“I’ve got an interview coming up with a company I don’t know all that much about; what can I do to learn more about them and prepare effectively?”
Ah, this question warms the heart of any career counselor, since so few job seekers seem to realize the major competitive advantage that research can give them in the interview process! And while we’ve talked at length in previous issues about how to prepare for interviews from a communication standpoint, I don’t think we’ve ever focused directly on the company research component. Given the vast array of useful research tools now available, however, motivated job candidates can easily “load for bear” and arrive at every interview armed with a wealth of pivotal facts, figures, and information. As a result, they’ll not only be able to a) show the interviewer how serious they are about winning the job, but will b) also be much more prepared to understand the employer’s problems and discuss potential solutions.
So without further ado, here is the first wave of websites we’d encourage you to review if you suddenly get an interview lined up on your calendar:
• The website of the employer in question (obviously)
• Google (search on the company’s name for articles & links about them)
• D&B Million Dollar Database (corporate directory available via King County Library if you have a card)
• Zoominfo (use the “Company Search” option to access summarized data on the organization)
• WA Dept. of Revenue (looking to verify a WA company is ‘legit’ and how long they’ve been around?)
Beyond the basic information the above sites provide, however, the most resourceful job hunters will also dig out some more subtle, subjective data using the following mix of sites:
• LinkedIn “Companies” Page (interesting data about the company’s trends and new hires/promotions)
• LinkedIn “People” Page (study the backgrounds of the people interviewing you, if you can find them)
• GlassDoor (as mentioned above, might contain valuable ‘insider info’ on the company in question)
• Google Blog Search (search on company’s name to see what bloggers/pundits are writing about them)
• ProQuest (massive article archive available through King County Library if you have a card)
• PRnewswire (Use ‘advanced search’ option to search entire archive for press releases on company)
• American City Business Journals (nationwide business newspaper chain; tremendous archives!)
• Indeed.com Forums (see if any other job seekers have good/bad things to say about the organization)
• Hoovers (some basic data is available for free; might consider paying for full report, on occasion)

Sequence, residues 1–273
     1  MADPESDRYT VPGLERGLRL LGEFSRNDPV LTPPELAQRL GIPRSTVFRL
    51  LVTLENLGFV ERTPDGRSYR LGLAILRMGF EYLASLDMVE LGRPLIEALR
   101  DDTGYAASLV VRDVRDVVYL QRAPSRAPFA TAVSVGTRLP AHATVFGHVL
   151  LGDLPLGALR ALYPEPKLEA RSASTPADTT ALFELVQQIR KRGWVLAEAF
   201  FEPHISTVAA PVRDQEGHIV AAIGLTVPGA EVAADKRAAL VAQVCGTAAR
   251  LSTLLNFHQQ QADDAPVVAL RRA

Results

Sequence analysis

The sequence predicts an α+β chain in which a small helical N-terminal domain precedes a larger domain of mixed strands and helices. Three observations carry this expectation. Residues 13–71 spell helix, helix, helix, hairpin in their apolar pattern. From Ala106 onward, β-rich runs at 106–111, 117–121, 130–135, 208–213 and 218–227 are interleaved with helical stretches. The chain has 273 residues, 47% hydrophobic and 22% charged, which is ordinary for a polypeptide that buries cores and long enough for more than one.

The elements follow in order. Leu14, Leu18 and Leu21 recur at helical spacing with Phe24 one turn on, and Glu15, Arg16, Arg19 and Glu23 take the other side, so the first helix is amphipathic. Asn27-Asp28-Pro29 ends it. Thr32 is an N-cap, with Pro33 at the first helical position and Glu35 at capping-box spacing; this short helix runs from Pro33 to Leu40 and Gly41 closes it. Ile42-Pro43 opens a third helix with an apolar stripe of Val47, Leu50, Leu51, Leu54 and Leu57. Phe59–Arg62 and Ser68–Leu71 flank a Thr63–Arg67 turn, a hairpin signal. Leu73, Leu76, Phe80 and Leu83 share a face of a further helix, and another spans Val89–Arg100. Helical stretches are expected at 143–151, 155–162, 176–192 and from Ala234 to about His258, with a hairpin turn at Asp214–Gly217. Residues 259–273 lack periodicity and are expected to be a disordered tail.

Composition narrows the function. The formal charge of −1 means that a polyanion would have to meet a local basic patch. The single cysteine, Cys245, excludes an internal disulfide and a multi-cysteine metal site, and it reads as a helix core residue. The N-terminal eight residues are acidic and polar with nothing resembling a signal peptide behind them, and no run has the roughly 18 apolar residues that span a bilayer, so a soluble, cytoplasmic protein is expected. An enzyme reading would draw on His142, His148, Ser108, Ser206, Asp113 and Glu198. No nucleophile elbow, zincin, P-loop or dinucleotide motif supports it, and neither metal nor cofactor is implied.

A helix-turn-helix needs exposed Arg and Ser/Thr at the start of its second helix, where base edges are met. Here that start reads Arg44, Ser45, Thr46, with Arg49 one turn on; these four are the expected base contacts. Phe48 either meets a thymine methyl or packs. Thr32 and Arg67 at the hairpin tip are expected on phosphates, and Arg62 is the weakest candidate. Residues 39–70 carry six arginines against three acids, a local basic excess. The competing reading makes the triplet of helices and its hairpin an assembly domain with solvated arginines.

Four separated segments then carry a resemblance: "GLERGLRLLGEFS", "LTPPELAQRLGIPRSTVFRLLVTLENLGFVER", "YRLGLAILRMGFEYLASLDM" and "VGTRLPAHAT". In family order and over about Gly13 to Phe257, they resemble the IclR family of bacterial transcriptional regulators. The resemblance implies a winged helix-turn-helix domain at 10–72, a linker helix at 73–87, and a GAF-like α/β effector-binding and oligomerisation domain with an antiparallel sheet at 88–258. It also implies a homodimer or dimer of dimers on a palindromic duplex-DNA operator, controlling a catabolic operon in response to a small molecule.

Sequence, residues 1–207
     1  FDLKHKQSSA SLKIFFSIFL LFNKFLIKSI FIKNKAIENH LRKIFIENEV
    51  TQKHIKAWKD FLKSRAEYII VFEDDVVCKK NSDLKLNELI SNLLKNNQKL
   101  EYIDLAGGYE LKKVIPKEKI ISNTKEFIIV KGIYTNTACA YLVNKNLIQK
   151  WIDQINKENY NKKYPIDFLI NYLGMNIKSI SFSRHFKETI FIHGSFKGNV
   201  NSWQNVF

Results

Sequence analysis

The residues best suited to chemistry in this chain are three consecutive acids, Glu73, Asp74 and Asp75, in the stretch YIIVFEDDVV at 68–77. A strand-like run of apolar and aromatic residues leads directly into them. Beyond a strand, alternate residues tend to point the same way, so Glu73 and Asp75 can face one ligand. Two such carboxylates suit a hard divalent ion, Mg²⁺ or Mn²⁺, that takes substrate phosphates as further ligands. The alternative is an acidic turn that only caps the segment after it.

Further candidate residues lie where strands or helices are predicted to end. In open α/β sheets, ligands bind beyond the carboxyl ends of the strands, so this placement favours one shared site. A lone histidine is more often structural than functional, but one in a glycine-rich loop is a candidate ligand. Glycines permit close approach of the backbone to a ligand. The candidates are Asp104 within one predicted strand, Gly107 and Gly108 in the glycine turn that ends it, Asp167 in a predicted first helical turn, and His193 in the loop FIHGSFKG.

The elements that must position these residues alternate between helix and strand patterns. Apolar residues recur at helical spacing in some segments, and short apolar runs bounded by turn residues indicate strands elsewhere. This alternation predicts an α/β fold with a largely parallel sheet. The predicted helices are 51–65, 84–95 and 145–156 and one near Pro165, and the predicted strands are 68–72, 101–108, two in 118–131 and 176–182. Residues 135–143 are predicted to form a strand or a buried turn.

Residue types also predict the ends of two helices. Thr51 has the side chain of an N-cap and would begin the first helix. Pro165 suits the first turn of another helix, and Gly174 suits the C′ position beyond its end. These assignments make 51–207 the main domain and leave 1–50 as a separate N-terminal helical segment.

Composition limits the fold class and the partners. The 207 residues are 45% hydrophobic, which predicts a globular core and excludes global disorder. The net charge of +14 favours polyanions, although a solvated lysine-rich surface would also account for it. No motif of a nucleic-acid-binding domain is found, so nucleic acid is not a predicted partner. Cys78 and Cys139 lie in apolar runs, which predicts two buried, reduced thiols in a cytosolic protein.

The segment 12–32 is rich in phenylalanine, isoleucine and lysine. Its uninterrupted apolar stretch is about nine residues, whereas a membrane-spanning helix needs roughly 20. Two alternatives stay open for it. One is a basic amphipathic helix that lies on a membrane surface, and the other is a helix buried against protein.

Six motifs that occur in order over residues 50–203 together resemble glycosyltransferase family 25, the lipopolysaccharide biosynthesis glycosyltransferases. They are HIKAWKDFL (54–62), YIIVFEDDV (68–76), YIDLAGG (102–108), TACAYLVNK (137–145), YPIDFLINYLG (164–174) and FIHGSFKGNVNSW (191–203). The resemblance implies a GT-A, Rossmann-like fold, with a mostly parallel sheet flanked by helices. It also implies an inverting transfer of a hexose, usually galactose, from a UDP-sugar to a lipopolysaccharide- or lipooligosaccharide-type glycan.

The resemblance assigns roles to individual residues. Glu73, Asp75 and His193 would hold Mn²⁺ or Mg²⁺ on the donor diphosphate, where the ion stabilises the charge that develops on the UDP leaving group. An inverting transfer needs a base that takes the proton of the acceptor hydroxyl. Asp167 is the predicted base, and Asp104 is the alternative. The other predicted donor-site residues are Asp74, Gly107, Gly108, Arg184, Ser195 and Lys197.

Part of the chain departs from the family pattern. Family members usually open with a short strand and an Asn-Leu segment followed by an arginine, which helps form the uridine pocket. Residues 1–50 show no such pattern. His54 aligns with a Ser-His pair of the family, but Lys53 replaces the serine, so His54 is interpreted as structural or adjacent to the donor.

Hopefully, after exploring the capabilities of the above sites, you’ll realize just how thoroughly a motivated job hunter can prepare for potential hiring opportunities. We’ve even had cases come up where the employer wasn’t even aware of some of the data that was out there about them, making the interview candidate seem like a real rock star in terms of their preparation efforts!
Now that you’ve got a solid list of research sites to investigate, here are a just a few more tips and suggestions on how to optimize your detective work on any given company…
• Notice how all the above sites are free? In general, be leery about research sites that charge a fee, since you can often find the same information out there at no cost if you look around enough
• In general, small companies and start-up organizations don’t have much written about them out in cyberspace, so don’t waste hours of time if you’re not finding much; watch for diminishing returns
• On the contrary, big companies (e.g. Microsoft) may have too much written about them; so in order to avoid being overwhelmed, use additional search keywords (e.g. department names, product names, locations, etc.) and chronological filtering to narrow the search results down to a meaningful set
• The moment you get an interview scheduled, set up a free “Google Alert” using the employer’s name so that any breaking news about the company gets automatically sent to your e-mail inbox
And last, but certainly not least…
• Don’t just collect piles of Internet printouts and call your research efforts complete; the data itself is worthless unless you read through it carefully, draw conclusions from it, think hard about how it may relate to your background and the target job you’re considering, and use it to formulate intelligent questions and talking points. Without this layer of analysis and thought, trust me, you’re not going to get any credit for just having killed a bunch of trees and printed out a ream of paper!
Is that enough direction to get you started? While there are certainly hundreds of additional research sites we could feature, the collection above has proven to be the most useful and cost-effective mix over time for our ongoing client base — and will allow you to do a fairly exhaustive “sweep” on any company within just a few short hours. So add this new competency into your job hunting arsenal and use it to tilt the scales in your favor at the next available opportunity. As I’ve always maintained, you can never guarantee you’ll be the most qualified candidate going into any given interview, but it’s relatively easy to ensure you’re the most prepared!